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I would like to get an error when assigning a longer varchar to a variable and no silent truncation. Are there any settings?

This truncates silently:

declare @code varchar(10)
set @code = 'This is too long'
select @code

Inserting a varchar into a smaller Table column

create table test (col1 varchar(10));
insert into test values ('This is too long');

yields an error:

Meldung 8152, Ebene 16, Status 14, Zeile 2
String or binary data would be truncated.
The statement has been terminated.
share|improve this question
I wish there were. This bites me in the ass all the time, particularly with stored procedure parameters. – db2 Mar 1 '12 at 13:15
Related :… – JNK Mar 1 '12 at 14:30
unfortunately the jist is, there's no automated way to check for this. – JNK Mar 1 '12 at 14:33

This should work for this problem:

declare @code varchar(10)
declare @input VARCHAR(200)
set @input = 'Set your input code here'

IF(LEN(@input) <= 10) -- make sure this number is same as length of 'code' variable
    SET @code = @input

    SELECT 'Inputted string is too long for the variable.'

select @code
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I do not want to change other peoples scripts, I want to to force the system to trow errors when I have to run the script. – bernd_k Mar 1 '12 at 12:28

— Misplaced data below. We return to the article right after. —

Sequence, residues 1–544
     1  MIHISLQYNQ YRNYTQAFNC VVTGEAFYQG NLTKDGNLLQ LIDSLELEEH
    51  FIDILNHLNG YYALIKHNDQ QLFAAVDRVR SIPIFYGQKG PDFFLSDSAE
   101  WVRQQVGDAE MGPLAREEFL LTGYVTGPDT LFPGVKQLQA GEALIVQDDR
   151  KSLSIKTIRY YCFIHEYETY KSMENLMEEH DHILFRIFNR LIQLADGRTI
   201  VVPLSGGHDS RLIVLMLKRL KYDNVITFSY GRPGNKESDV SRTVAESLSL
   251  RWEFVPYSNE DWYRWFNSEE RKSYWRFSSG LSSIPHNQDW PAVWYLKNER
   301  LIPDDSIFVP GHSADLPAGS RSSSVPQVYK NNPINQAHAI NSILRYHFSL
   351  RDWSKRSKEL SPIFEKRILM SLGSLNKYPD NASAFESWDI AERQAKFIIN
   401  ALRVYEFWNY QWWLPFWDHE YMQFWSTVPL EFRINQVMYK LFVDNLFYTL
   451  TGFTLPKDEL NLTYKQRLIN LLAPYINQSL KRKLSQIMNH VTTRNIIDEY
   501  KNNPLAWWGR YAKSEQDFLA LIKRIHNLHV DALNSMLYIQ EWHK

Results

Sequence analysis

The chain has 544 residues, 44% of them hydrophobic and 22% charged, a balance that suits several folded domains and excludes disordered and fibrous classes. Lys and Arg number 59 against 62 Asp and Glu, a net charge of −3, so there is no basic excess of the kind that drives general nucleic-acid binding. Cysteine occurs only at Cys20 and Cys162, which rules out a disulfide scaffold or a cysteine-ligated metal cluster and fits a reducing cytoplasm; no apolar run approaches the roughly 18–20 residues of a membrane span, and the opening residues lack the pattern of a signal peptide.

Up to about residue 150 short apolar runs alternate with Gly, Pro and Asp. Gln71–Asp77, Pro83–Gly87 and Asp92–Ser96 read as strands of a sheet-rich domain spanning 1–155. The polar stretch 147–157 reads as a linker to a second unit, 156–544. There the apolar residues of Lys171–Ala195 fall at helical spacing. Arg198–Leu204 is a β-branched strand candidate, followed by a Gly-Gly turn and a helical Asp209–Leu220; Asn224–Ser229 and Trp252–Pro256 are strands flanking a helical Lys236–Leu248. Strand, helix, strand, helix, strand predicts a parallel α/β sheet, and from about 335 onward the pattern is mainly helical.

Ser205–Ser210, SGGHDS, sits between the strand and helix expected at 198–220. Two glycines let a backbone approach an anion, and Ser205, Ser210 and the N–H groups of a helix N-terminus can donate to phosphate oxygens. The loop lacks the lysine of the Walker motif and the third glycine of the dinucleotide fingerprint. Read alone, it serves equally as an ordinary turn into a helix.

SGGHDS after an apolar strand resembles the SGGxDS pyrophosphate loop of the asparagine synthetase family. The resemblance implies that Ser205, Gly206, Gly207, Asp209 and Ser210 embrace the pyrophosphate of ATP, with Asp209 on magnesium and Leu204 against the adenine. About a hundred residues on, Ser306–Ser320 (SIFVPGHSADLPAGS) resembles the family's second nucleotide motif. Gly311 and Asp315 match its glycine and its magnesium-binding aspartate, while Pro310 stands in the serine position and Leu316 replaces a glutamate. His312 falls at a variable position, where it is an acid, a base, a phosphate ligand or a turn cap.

Silent truncation doesn't raise a SQL Server error (hence the name) so you will have to do the error handling within the code. – Vince Pergolizzi Mar 1 '12 at 15:22

One solution would be to
1 change all incoming parameters to be varchar(max)
2. have sp private variable of the correct datalength (simply copy and paste all in parameters and add "int" at the end
3. declare a table variable with the column names the same as variable names
4. Insert into the table a row where each variable goes into the column with the same name
5. Select from the table into internal variables

This way your modifications to the existing code are going to be very minimal like in the sample below
Original code
create procedure spTest
@p1 varchar(2),
@p2 varchar(3)
new code
create procedure spTest
@p1 varchar(max),
@p2 varchar(max)
declare @p1Int varchar(2), @p2Int varchar(3)
declare @test table (p1 varchar(2), p2 varchar(3)
insert into @test (p1,p2) varlues (@p1, @p2)
select @p1Int=p1, @p2Int=p2 from @test
Note that if the length of the incoming parameters is going to be greater than the limit instead of silently chopping off the string SQL Server will throw off an error.

share|improve this answer
Beware there is a slight performance penalty to using the MAX datatypes. – Nick Chammas Apr 19 '12 at 21:39

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